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If there ever was a man crushed out of all courage, all self- reliance, all comfort in life, it was Jacob Flint. Why this should have been, neither he nor any one else could have explained; but so it was. On the day that he first went to school, his shy, frightened face marked him as fair game for the rougher and stronger boys, and they subjected him to all those exquisite refinements of torture which boys seem to get by the direct inspiration of the Devil. There was no form of their bullying meanness or the cowardice of their brutal strength which he did not experience. He was born under a fading or falling star,--the inheritor of some anxious or unhappy mood of his parents, which gave its fast color to the threads out of which his innocent being was woven.
Even the good people of the neighborhood, never accustomed to look below the externals of appearance and manner, saw in his shrinking face and awkward motions only the signs of a cringing, abject soul.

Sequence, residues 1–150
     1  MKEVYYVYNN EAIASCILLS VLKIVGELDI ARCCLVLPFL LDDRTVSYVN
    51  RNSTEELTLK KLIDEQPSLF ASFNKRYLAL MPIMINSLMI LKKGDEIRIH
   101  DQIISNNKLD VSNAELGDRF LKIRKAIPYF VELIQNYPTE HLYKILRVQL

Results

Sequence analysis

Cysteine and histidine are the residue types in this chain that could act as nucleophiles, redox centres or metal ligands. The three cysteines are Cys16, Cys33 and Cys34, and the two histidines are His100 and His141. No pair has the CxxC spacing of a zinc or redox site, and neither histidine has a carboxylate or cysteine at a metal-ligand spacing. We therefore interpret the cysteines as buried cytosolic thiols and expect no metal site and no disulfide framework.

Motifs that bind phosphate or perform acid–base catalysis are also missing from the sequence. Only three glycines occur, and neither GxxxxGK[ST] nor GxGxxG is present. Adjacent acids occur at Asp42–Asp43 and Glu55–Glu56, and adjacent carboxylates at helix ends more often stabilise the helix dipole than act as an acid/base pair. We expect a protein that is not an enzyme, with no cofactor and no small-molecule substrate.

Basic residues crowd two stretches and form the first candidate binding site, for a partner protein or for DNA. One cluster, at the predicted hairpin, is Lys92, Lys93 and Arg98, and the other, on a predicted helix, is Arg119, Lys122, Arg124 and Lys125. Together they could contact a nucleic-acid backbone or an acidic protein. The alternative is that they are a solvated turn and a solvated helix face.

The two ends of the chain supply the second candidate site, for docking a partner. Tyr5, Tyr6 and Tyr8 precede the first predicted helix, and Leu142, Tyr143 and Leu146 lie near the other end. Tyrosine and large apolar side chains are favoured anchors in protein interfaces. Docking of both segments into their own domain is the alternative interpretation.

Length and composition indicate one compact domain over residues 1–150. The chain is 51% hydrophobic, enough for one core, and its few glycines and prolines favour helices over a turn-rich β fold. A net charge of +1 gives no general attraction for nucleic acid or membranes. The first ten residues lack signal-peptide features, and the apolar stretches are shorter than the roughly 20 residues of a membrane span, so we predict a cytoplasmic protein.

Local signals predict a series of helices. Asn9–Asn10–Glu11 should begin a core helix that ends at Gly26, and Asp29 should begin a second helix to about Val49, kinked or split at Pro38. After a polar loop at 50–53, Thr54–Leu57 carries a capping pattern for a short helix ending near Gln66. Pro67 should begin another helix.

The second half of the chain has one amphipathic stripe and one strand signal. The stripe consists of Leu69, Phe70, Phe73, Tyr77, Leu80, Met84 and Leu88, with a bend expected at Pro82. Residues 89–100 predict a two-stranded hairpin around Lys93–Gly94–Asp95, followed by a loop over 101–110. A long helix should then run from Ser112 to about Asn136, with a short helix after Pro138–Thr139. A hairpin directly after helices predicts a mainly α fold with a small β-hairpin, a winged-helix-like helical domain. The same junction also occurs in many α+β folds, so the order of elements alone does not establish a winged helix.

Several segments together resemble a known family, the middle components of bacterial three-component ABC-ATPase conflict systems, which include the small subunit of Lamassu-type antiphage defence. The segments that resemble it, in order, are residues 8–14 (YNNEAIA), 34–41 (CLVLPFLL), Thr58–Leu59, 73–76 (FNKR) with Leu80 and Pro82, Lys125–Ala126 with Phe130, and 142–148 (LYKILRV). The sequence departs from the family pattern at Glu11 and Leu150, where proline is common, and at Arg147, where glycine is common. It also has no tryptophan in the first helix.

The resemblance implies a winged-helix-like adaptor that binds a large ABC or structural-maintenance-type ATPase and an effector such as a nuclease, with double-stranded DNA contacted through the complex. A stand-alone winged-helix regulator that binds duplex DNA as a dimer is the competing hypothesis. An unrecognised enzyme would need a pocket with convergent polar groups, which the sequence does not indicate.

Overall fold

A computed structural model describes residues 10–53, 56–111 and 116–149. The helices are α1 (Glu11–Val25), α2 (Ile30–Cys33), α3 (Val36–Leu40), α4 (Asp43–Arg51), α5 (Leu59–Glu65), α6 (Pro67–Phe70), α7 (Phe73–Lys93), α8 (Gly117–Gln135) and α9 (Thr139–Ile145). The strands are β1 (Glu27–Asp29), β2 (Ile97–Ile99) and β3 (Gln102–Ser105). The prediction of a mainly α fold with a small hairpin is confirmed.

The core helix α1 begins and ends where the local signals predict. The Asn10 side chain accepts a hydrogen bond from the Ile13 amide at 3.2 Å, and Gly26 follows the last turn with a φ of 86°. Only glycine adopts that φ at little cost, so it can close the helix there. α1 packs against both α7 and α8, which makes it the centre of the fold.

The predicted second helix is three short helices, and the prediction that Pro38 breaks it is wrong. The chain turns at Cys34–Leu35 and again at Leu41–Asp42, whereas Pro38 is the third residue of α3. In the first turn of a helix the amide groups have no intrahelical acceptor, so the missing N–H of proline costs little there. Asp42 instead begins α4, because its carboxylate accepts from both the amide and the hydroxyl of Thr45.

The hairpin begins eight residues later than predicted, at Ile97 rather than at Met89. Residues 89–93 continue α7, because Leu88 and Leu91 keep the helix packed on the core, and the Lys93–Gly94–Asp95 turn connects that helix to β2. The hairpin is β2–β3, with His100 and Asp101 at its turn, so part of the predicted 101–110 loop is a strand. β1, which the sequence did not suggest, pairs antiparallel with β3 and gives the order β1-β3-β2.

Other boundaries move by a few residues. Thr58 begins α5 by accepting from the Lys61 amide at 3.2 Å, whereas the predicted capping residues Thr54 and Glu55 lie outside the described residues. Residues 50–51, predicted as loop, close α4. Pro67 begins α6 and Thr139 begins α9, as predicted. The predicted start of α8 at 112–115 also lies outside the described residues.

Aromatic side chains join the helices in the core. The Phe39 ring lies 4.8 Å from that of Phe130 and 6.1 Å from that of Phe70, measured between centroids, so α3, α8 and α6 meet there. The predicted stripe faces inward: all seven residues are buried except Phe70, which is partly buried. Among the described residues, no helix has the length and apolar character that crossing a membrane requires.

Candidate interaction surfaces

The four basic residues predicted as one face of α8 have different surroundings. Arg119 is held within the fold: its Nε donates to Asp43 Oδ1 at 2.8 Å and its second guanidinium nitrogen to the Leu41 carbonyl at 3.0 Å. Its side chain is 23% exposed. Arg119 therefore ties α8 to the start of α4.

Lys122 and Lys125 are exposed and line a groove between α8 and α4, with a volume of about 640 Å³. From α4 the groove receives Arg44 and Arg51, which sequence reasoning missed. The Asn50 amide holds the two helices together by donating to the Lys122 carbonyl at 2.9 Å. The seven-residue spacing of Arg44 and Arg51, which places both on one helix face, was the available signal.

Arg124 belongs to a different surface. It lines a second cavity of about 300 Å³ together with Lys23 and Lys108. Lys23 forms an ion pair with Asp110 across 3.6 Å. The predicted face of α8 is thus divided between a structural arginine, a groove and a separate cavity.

"You'll be no more of a man than Jake Flint!" was the reproach which many a farmer addressed to his dilatory boy; and thus the parents, one and all, came to repeat the sins of the children.
If, therefore, at school and "before folks," Jacob's position was always uncomfortable and depressing, it was little more cheering at home. His parents, as all the neighbors believed, had been unhappily married, and, though the mother died in his early childhood, his father remained a moody, unsocial man, who rarely left his farm except on the 1st of April every year, when he went to the county town for the purpose of paying the interest upon a mortgage. The farm lay in a hollow between two hills, separated from the road by a thick wood, and the chimneys of the lonely old house looked in vain for a neighbor-smoke when they began to grow warm of a morning.